A fresh coat of paint on cabinetry and furniture is one of the more simple and effective home improvements you can do. Provided you can do it.
The first step is to “remove all cabinet hardware, doors, drawers and hinges and label each piece to ensure it is reattached in the proper location,” according to the experts at Home Depot Canada.
“Whether you’re painting or staining, never work with the door hanging,” says George Cuccovillo, president of The Painters Group. Place it on a flat surface so it’s easy for you to work on.”
Next, thoroughly clean all surfaces. Cabinetry or furniture, the key is to have a good base on which to apply the paint. “Wipe it with a cloth and cleaner. Give it a good sanding. Patch up any holes or gaps with caulking and give it a good sanding,” says Cuccovillo. “Then prime the piece before painting or staining.”
When applying a stain, the amount of time it stays on the wood determines the intensity of the colour. For beginners, Cuccovillo recommends applying the stain, drying it with a rag right away and repeating the process until the desired colour is achieved. It’s safer because “you can always go darker, but lighter, you have to start from scratch.” Finish with a water- or oil-based varnish, depending on the desired look. “You can give it a flat finish, semi gloss, satin, or high-gloss finish. The oils give more of a high-gloss finish and the water-based more of a flat finish.”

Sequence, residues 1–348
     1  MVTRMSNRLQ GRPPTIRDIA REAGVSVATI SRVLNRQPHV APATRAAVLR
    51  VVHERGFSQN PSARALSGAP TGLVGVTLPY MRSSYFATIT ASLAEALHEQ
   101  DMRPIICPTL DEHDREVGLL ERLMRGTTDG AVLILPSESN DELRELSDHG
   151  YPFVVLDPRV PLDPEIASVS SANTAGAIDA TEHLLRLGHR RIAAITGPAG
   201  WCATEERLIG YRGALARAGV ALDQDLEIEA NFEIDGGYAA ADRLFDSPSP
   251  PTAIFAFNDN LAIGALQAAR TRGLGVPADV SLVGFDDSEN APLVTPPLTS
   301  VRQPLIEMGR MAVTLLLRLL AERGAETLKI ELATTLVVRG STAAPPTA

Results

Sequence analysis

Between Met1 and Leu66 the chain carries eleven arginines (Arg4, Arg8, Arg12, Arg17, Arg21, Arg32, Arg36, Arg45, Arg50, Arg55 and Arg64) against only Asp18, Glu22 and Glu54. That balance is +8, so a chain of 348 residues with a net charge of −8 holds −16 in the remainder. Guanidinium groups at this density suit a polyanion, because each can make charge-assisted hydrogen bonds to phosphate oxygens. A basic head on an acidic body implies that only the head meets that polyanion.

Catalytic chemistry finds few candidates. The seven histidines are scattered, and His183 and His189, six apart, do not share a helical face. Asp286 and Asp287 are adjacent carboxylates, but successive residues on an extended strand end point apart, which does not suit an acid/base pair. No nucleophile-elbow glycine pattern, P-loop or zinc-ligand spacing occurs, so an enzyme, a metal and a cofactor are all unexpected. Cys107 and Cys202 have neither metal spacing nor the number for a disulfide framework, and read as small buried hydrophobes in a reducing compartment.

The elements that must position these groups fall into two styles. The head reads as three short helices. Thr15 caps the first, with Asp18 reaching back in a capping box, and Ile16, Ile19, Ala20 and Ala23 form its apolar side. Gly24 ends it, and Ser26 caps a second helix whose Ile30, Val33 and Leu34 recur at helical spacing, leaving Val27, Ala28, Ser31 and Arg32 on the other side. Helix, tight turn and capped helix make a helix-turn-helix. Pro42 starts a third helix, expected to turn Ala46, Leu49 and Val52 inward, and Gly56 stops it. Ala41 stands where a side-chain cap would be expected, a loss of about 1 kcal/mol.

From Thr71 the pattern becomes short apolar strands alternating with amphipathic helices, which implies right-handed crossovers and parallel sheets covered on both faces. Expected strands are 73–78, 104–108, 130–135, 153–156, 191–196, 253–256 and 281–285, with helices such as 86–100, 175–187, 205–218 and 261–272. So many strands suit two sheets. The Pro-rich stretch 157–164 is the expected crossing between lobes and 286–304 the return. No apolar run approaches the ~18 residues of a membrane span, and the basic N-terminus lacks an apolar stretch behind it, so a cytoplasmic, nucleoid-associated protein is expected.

Paint is more forgiving, but it takes longer.
“With paint, the colour you see is the colour you get. You don’t have to wait to rag it. Just brush it on,” says Cuccovillo. To achieve a smooth surface, he recommends using a sponge roller. For a more durable finish, he suggests going with an oil-based paint.
But always wait for the first layer to dry before applying the next coat. The time it takes to dry can depend on the temperature in the room.
“Generally, oil paint takes a few hours to dry,” he says. “But if the weather is humid it can take longer so you have to make your own judgment. If the paint is still tacky, it’s not ready.”
You can do as many coats as you want with paint, but be careful not to lose the details in the piece. And since the desired finish is already in the paint, there’s no need for varnish. You did it.